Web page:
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The U.S. Geological Survey is conducting an investigation of the oil and gas potential of the existing and proposed wilderness areas for the western United States. These current assessments are based upon a Wilderness System containing approximately 105 million acres (42 million ha.) of land (80 million acres [32 million ha.] in existing wilderness; about 16 million acres [6.5 million ha.] in proposed wilderness; and another 9 million acres [3.5 million ha.] potential wilderness lands under study).
It is necessary to consider the uncertainty in the estimates of petroleum resources in the wilderness tracts due to the limited data and lack of detailed geologic information available for many of the areas. In light of these limitations, maps were compiled on a state-by-state basis which delineate: (1) the boundaries of the wilderness land categories for the Forest Service, National Park Service, Fish and Wildlife Service, and Bureau of Land
Management; (2) the petroleum province boundaries of the U.S. Geological Survey Resource Appraisal Group as used in the 1981 national assessments; and (3) the geologic boundaries which distinguish the sedimentary-rock provinces having petroleum potential from the crystalline-rock provinces having no petroleum potential. All of the wilderness lands are digitized for mapping purposes and for calculation of the areas for each respective wilderness tract within the boundaries of the sedimentary-rock province. A computer search and compilation of exploratory-well data from the Petroleum Information Corp.'s Well History Control System (WHCS) was conducted for all the wilderness areas and their immediate surrounding. This tabulation of known well data is a part of the geologic input to the r source-assessment procedures.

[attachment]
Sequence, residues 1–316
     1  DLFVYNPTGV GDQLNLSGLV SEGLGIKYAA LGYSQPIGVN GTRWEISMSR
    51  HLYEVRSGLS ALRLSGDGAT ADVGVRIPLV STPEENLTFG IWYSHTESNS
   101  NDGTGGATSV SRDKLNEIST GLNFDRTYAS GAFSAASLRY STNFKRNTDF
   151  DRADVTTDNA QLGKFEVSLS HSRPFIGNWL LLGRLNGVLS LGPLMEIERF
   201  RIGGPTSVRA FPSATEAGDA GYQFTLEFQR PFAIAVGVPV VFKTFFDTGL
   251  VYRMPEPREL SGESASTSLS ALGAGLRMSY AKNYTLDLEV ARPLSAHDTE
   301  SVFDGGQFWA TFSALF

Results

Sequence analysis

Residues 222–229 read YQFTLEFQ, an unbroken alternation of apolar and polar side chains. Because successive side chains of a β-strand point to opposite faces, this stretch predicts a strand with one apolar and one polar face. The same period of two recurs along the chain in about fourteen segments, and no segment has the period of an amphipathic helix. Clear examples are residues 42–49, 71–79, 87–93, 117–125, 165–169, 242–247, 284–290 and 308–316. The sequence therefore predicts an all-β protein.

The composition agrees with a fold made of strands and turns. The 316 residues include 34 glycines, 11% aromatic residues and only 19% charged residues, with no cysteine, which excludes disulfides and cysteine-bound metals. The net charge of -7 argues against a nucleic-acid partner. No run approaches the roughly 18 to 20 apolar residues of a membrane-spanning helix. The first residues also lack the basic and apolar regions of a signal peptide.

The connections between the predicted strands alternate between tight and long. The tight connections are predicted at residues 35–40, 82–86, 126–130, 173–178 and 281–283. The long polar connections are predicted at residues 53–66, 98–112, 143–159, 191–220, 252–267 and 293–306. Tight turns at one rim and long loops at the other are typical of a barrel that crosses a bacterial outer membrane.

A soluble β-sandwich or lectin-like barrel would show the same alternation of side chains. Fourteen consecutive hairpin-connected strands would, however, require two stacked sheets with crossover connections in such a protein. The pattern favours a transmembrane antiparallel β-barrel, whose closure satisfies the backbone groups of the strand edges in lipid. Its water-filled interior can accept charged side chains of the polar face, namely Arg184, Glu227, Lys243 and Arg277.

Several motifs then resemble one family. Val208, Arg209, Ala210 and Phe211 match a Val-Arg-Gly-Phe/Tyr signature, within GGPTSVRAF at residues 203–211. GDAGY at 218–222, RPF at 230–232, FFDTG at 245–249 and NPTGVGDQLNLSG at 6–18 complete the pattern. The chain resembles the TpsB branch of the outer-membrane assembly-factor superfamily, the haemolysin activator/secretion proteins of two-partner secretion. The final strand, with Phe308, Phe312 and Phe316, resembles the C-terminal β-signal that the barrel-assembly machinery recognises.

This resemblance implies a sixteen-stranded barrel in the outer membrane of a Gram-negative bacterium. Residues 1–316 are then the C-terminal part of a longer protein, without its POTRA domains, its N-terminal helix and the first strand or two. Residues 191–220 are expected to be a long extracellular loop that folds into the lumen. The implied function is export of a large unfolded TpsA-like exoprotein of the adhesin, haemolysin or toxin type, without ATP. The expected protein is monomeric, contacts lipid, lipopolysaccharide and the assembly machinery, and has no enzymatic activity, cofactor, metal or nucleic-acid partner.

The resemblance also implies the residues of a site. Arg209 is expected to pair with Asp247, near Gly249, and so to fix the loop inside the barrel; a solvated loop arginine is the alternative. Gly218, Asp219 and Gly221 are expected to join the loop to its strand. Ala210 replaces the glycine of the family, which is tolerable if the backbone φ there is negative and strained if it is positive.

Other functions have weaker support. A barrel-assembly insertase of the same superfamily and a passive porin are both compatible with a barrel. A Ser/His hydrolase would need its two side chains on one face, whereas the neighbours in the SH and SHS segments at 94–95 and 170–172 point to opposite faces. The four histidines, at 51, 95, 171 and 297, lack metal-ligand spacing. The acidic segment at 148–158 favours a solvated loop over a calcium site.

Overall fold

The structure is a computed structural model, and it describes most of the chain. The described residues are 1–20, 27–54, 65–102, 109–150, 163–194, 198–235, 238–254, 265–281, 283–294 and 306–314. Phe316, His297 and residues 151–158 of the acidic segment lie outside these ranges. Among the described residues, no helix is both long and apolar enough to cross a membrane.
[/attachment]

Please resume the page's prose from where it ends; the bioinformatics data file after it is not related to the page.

Assumptions incorporated into the resource-appraisal methods are: (1) resource potential is not uniformly distributed throughout a petroleum province; (2) the total distribution of all recoverable petroleum resources is considered, both discovered and undiscovered; (3) consideration of the geologic characteristics favorable for the accumulation of petroleum resources in all the wilderness areas; (4) probability distributions are used to calculate a range of resource values to deal with the risks of uncertainty; and (5) the use of several alternative resource-appraisal methods are critically assessed.
The petroleum-resource assessments are compiled and reported by petroleum province and for each state. A total aggregation of the estimated petroleum resources for the existing and proposed wilderness areas in the 11 western states are presented as probability distributions.
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